So, aside from the fact that I simply wasn’t finding social media all that fulfilling, extremely time-consuming, and inadequate when it came to meeting my goals, I also realized that I wanted to be known for more than simply curating an impressive collection of posts.

I want to create and sell products that help people achieve their dreams. I want to build a business that changes lives for the better.

And posting links to Facebook every day just wasn’t cutting it.

Anyhow, all that is kind of my why for this big shift in my business. If you’d like to understand my reasoning even further + hear a little about the results I’ve already started to see from the changes I made, then you can check out my most recent Youtube video.

But, just because this was the decision I made for my business certainly doesn’t mean that it’s what’s best for every business. Some businesses totally thrive on social media. For example, my friend Marie is a talented knitter, and Instagram is gold for her business, because it allows her to show off her latest creations to a passionate audience of other creators.

So the takeaway from what I’ve shared today shouldn’t be “social media isn’t a good way to grow a business,” but, rather, that it’s important you look at what’s working and what isn’t with your own ventures.

[Related: The Bloggers’ Guide to Sales Funnels]

Where are your clients coming from? What’s driving traffic to your site? What are you finding joy in? What is taking up way more energy than it is creating results?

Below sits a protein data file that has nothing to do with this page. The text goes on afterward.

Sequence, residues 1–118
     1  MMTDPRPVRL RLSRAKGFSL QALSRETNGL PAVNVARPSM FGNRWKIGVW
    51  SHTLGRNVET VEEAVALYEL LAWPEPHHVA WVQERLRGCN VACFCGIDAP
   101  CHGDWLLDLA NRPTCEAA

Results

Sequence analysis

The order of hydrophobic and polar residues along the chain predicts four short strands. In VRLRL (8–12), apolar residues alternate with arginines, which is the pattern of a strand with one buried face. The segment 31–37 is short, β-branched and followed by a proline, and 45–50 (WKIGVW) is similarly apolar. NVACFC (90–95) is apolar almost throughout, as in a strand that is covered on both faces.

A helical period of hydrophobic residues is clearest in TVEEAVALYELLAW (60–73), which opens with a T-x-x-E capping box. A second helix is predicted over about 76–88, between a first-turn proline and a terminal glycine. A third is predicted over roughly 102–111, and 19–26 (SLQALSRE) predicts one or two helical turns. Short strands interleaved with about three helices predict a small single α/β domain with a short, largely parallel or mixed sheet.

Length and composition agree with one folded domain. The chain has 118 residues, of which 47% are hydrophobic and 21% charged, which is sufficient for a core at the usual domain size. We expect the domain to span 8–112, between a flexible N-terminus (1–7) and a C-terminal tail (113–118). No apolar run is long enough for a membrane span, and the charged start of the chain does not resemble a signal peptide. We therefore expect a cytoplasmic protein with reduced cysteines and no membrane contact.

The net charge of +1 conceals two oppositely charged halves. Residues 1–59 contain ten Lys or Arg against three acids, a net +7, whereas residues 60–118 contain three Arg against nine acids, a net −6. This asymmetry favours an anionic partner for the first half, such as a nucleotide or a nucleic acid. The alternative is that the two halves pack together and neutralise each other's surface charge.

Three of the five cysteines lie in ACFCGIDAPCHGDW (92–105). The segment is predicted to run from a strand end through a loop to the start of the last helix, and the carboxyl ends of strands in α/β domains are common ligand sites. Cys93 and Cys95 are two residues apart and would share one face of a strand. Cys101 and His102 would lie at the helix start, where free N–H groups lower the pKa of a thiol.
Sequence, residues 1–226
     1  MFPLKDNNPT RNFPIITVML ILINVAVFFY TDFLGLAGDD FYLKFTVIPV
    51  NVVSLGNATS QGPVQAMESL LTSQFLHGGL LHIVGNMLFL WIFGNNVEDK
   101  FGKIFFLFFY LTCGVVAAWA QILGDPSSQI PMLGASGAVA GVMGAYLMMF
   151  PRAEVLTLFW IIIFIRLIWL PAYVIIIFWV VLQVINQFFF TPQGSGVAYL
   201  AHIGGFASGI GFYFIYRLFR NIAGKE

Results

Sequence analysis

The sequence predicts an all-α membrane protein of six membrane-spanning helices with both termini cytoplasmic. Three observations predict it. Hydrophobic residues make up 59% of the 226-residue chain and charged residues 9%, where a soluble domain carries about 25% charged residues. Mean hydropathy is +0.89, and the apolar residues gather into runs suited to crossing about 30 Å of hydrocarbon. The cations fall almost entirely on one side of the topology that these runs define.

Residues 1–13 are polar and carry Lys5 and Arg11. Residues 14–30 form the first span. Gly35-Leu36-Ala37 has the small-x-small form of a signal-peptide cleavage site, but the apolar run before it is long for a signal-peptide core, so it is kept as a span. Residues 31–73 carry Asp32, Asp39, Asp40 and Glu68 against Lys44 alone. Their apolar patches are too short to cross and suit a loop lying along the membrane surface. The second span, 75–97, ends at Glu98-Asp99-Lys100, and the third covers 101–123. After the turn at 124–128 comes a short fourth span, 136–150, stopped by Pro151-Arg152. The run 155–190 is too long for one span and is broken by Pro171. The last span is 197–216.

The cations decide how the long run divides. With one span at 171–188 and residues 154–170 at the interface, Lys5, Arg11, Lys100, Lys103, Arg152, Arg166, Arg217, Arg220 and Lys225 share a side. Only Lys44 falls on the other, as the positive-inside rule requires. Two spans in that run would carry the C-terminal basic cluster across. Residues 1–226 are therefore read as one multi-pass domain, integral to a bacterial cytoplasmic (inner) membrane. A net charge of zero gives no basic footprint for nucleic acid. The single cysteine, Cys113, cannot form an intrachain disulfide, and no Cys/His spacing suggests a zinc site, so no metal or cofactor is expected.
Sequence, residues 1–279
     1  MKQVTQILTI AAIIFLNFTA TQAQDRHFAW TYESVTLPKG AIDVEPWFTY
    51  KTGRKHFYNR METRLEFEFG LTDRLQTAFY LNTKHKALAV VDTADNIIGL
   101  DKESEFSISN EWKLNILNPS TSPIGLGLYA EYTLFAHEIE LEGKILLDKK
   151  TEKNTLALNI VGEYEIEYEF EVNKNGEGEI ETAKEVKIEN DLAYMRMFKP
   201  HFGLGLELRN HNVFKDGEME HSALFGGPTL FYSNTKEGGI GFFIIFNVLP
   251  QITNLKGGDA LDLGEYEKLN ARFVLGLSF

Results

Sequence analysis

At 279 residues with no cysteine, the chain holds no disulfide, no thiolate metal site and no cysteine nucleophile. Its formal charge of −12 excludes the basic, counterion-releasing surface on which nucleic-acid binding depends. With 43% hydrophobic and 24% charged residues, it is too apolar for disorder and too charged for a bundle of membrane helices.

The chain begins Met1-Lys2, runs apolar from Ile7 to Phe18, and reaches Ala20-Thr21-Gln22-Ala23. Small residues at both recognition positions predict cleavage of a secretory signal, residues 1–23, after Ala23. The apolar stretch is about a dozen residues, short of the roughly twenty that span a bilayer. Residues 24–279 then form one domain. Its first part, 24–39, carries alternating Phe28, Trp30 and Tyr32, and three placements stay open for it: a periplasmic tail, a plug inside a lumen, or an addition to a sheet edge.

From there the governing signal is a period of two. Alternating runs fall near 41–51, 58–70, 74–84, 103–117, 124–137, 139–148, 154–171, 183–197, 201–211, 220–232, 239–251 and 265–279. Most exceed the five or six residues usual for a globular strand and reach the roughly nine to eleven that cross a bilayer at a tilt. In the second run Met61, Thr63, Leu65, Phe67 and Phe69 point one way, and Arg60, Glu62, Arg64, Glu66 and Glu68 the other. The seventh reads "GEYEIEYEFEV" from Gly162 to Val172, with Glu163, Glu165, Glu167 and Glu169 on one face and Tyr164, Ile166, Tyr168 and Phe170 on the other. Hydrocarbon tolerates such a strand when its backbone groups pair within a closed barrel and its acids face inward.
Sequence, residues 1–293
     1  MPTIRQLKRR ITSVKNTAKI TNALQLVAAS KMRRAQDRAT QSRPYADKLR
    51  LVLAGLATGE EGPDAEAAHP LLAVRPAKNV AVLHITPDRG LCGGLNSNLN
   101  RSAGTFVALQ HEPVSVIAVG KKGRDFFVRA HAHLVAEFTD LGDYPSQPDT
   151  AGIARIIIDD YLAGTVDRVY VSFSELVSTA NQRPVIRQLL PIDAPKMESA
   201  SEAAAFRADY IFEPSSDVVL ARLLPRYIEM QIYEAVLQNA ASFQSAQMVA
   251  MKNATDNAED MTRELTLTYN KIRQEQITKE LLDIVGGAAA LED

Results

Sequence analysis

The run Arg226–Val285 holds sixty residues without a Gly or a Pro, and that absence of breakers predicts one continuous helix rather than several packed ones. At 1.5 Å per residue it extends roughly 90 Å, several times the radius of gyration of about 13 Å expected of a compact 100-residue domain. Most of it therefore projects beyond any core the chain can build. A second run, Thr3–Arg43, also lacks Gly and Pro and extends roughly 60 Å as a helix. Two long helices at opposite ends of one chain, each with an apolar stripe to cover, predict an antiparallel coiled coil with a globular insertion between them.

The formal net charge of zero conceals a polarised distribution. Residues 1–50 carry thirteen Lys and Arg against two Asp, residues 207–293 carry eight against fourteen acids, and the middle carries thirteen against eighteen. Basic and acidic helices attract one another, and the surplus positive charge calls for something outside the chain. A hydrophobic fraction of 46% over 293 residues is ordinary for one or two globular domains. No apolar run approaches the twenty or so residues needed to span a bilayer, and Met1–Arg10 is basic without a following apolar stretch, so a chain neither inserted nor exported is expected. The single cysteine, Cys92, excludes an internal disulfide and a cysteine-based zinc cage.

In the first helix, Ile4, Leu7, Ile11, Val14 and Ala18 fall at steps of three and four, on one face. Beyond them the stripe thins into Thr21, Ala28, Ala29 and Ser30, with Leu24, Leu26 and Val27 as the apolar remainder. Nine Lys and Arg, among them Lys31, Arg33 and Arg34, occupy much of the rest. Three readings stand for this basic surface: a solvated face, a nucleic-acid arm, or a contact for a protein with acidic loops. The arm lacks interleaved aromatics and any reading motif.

We always hear about the 80/20 principle, but sometimes I think we forget how to actually apply it. Take some time this week to look at where you’re spending your time on your business, and you may realize that some changes are merited.

Every week I share the behind the scenes of exactly how I’m growing my online business with my email subscribers.

Want in on the conversation? Join my mailing list below!

This article was sponsored by ConvertKit, a service I love, use every day, and highly recommend. Want to learn how to better market your business with email? Download their free Complete Guide to Email Marketing.

Gillian Perkins

Hi, I’m Gillian! I’m a marketing strategist who helps online entrepreneurs 10X their sales with FB ads + sales funnels. I love combining tech, analytics, and psychology to create powerful marketing systems. When I’m not helping my clients scale their businesses, I’m spending time with my husband and two little boys, exploring new places, or seeking out choice espresso.

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Kory - October 28, 2018 Reply

This is very informative. Thanks for sharing. I’m trying to figure out ways to promote my blog without YouTube. I absolutely love pinterest. Trying to figure out a way to integrate a service along with my DIY website.

RunGraphik - September 10, 2018 Reply

Thanks for sharing that Funnels work better than Social media.. I’m actually in the same stage where I promote a product via Google Ads / Fb Ads and it doesn’t work great.. So it might be the solution to create a funnel with an offer.. Thanks for the tips 😉

    Gillian Perkins - January 8, 2019 Reply

    You’re welcome, thanks for reading! I’m glad you found this helpful 🙂

Julia - January 7, 2018 Reply

Happy New Year Gillian to you and your beautiful family,
I just wanted to take the time to THANK YOU for being so honest and forthright with the quality information that you are providing. Just knowing that sparks the fire within me to continue to pursue the God-given gifts he has provided that will allow me to impact others.

Kris - January 4, 2018 Reply

Great article, Twitter really does suck!


Marie - November 25, 2017 Reply

Hi Gillian, this sounds so interesting
I quit and closed all my social medias because they were pretty useless after one year and half no customers and no results
But I wonder if it’s good for a brand having no socials, I mean if people maybe can think that’ you’re not serious without them
However I see a lot of enterprises and brands who have very inconsistent social profiles, because they work a lot in real life and don’t care pretty much about them